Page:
Rocket Lab’s new launch pad is complete and ready to launch next week

Rocket Lab has been working on adding multiple launch locations for its Electron rocket for the past few years. Finally, the company’s second pad in New Zealand is ready, and Rocket Lab is showing it off with dual rockets.

Launch Complex 1B in New Zealand is Rocket Lab’s newest addition to its launch facilities. This pad shares infrastructure with Pad A, including three satellite cleanrooms, a launch vehicle assembly hanger, and administrative offices.

With Pad B we’ve kept things efficient. Its systems and layout replicates Pad A and shares much of Pad A’s infrastructure including the Electron vehicle integration hangar, runway to the pad, and our own range control facility. With that we’ve been able to double our operational capacity – all on a concrete area smaller than the average tennis court. I’m hugely proud of what the team has achieved: building and bringing a second pad online, all while continuing to service and operate Pad A for our Electron launches to date, and in the middle of a global pandemic no less.

Shaun D’Mello, Vice President – Launch, Rocket Lab
Rocket Lab’s Pad A (left) with rocket for NASA’s CAPSTONE rocket and Pad B (right) with an Electron for the company’s next launch for Synspective. Credit: Rocket Lab

Alongside Pad A, the new addition will double Electron’s launch capability. When paired with Rocket Lab’s North American launch site, LC-2, at the Mid-Atlantic Regional Spaceport in Virginia, the company can support a total of 132 launch opportunities a year.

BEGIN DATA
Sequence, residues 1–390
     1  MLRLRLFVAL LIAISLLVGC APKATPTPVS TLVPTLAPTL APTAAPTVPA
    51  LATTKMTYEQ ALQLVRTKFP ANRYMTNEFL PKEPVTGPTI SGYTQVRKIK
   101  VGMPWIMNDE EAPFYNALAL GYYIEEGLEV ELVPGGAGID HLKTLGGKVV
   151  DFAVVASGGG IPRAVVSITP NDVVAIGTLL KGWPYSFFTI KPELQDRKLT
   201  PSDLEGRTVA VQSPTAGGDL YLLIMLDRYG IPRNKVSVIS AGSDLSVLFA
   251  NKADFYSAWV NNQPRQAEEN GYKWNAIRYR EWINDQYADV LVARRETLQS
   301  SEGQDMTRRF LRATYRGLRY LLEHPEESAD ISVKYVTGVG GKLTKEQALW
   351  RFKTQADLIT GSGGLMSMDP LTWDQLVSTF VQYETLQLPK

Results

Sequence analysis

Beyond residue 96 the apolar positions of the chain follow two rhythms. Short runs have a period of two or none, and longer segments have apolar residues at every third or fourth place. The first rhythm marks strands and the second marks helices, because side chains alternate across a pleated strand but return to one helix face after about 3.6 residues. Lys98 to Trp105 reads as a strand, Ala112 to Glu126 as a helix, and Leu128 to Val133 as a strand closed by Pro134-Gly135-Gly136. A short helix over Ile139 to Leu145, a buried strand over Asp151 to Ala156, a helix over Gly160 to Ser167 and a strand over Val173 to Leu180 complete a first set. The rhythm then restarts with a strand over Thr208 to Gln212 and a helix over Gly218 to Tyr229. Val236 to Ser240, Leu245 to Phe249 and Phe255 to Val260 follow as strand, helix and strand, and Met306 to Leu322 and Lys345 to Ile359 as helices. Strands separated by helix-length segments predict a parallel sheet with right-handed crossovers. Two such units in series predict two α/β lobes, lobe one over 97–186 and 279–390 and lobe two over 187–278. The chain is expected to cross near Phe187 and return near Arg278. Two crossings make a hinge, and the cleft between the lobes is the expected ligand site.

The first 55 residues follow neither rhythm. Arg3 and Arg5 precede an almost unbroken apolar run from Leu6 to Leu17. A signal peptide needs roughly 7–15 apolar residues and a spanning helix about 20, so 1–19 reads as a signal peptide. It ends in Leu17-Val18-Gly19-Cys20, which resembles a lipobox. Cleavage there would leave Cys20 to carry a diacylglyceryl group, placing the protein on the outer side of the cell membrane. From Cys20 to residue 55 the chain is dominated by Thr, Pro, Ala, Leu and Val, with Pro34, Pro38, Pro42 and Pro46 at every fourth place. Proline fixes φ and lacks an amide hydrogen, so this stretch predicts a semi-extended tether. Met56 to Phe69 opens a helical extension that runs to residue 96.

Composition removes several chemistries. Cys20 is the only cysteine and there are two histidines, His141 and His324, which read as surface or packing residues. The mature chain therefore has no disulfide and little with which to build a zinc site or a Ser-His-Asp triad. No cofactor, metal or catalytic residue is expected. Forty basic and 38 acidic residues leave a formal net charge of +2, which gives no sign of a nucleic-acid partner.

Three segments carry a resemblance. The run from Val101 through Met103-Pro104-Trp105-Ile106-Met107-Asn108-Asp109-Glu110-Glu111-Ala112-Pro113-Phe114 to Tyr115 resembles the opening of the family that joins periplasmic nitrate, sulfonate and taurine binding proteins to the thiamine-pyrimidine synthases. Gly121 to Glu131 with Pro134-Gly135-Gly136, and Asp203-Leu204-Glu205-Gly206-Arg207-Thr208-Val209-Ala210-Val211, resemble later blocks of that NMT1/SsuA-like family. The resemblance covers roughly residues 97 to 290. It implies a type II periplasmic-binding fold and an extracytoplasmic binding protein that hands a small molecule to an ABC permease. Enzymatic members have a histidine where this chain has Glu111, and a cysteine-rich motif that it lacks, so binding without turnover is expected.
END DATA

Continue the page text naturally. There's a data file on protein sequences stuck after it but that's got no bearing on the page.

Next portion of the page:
Of those, 120 come from LC-1, showing the benefit of operating your own spaceport free from sharing space and range assets with other companies.

First LC-1B launch as soon as next week

Rocket Lab plans to conduct LC-1B’s first launch next week. The Electron rocket will carry the first of three dedicated missions for Synspective, a geospatial data collector from Japan. While this Electron will sport the red finishings of a reusable rocket, Rocket Lab will not recover the vehicle. Instead, it will only test new hardware for future reusable Electron.

Payload fairing with Rocket Lab’s next launch for Synspective’s logo and mission patch. Credit: Rocket Lab

Following Rocket Lab’s LC-1B launch, the company will put its dual pads to use and attempt to launch NASA’s CAPSTONE mission from Pad A on March 19. Rocket Lab has consistently stated it is pushing for a rapid launch capability. While 19 days isn’t groundbreaking for the industry, it’s a huge step in the right direction for the company.

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